New Highway Through Maine Could Save Maritime Truckers Time and Money
MAINE — Construction of a new highway that would stretch across Maine from Calais to the Quebec border could start as early as 2015, reported the Bangor Daily News.
Peter Vigue, president and CEO of construction company Cianbro, has been pushing for the highway for more than five years.
Vigue spoke before a committee comprised of state representatives and senators, who are now deciding whether to proceed with a $300,000 feasibility study.
While Maine's Department of Transportation has not yet made a decision, Vigue says he believes the feasibility study will soon be approved.
If approved and completed, the highway would run east-west across Maine. It would begin at Calais, across from St. Stephen on the New Brunswick border then run to the Maine-Quebec border. The highway would end at Coburn Gore, Maine.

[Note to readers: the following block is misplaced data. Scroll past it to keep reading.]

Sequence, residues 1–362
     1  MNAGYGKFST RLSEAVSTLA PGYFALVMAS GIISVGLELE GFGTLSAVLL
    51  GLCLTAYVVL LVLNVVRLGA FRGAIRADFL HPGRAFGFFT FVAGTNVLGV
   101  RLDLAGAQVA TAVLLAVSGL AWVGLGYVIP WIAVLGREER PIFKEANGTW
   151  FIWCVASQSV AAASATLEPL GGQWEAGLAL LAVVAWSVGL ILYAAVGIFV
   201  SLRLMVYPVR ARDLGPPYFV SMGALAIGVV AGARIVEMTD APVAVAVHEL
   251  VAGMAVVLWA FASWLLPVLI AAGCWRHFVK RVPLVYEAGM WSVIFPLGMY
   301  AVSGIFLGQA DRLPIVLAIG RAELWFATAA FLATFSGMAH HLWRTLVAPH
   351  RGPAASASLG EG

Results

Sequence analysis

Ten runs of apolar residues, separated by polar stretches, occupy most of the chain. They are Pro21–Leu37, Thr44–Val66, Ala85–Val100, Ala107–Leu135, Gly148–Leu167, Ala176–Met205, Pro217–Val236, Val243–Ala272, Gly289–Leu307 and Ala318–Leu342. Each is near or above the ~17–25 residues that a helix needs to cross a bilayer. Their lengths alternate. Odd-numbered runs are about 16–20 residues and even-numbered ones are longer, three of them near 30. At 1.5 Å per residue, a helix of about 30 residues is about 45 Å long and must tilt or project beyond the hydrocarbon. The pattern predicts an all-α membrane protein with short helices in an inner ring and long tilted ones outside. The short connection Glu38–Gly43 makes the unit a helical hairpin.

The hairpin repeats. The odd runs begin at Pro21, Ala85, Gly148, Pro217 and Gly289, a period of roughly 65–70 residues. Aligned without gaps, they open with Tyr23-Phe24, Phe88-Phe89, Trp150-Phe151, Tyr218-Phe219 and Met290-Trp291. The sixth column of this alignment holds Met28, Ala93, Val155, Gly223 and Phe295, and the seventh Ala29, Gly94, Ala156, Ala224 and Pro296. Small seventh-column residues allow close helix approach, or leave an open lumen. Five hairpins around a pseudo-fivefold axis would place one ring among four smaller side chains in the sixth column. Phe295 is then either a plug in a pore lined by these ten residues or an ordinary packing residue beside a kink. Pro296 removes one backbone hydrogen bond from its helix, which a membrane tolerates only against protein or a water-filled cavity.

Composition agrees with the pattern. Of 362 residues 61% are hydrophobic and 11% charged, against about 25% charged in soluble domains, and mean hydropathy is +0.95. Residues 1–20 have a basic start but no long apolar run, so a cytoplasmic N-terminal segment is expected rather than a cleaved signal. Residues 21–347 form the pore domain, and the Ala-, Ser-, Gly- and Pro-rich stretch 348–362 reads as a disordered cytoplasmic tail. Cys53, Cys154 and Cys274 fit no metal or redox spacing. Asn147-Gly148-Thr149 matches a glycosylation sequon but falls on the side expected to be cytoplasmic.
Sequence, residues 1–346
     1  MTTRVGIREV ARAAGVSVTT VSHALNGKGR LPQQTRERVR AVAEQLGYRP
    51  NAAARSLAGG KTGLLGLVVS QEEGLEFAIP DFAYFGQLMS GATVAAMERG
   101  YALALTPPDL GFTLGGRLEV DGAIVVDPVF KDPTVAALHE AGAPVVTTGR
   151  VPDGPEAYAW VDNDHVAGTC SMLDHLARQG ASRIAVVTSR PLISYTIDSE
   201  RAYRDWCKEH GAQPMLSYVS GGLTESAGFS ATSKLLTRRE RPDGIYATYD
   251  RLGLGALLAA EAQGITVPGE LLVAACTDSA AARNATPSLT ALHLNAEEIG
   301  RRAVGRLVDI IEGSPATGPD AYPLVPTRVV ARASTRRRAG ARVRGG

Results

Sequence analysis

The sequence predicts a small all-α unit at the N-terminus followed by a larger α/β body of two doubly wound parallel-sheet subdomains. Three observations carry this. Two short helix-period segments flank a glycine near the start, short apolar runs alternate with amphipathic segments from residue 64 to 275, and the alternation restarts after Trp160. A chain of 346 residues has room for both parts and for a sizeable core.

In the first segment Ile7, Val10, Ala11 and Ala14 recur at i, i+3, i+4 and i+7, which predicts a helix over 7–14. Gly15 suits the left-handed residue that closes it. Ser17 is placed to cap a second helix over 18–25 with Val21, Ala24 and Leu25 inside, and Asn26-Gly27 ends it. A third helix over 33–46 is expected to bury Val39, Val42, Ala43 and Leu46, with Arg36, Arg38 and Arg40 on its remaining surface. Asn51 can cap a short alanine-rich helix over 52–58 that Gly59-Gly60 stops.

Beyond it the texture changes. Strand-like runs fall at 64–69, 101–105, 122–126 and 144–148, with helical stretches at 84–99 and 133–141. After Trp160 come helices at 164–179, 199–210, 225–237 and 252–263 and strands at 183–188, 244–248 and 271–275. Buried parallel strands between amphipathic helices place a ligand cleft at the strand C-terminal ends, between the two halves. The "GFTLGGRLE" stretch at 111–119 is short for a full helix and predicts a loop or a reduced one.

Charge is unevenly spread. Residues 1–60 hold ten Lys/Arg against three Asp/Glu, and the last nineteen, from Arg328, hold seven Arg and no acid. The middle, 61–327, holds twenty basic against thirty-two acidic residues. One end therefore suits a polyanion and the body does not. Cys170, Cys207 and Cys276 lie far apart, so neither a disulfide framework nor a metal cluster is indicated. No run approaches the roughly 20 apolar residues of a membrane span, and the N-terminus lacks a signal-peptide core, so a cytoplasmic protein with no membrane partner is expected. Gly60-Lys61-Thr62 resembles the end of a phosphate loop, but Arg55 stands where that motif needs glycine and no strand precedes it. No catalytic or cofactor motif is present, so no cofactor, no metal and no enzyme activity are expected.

The highway would better connect Maine and the Maritime provinces to markets in Quebec, Ontario, and the central U.S., Vigue said.
The project would be funded exclusively with private cash, Vigue said, and would be a toll highway, but there would be no weight restrictions for heavy trucks.
Jean-Marc Picard, executive director of the Atlantic Provinces Trucking Association, said that the route would significantly decrease the trucking distance between the Maritimes, Montreal and Toronto.
“It’s obviously going to save on fuel and wear and tear,” Picard said.
“If the fee is reasonable… it could very well be a positive.”
For more on the story, check The Bangor Daily News.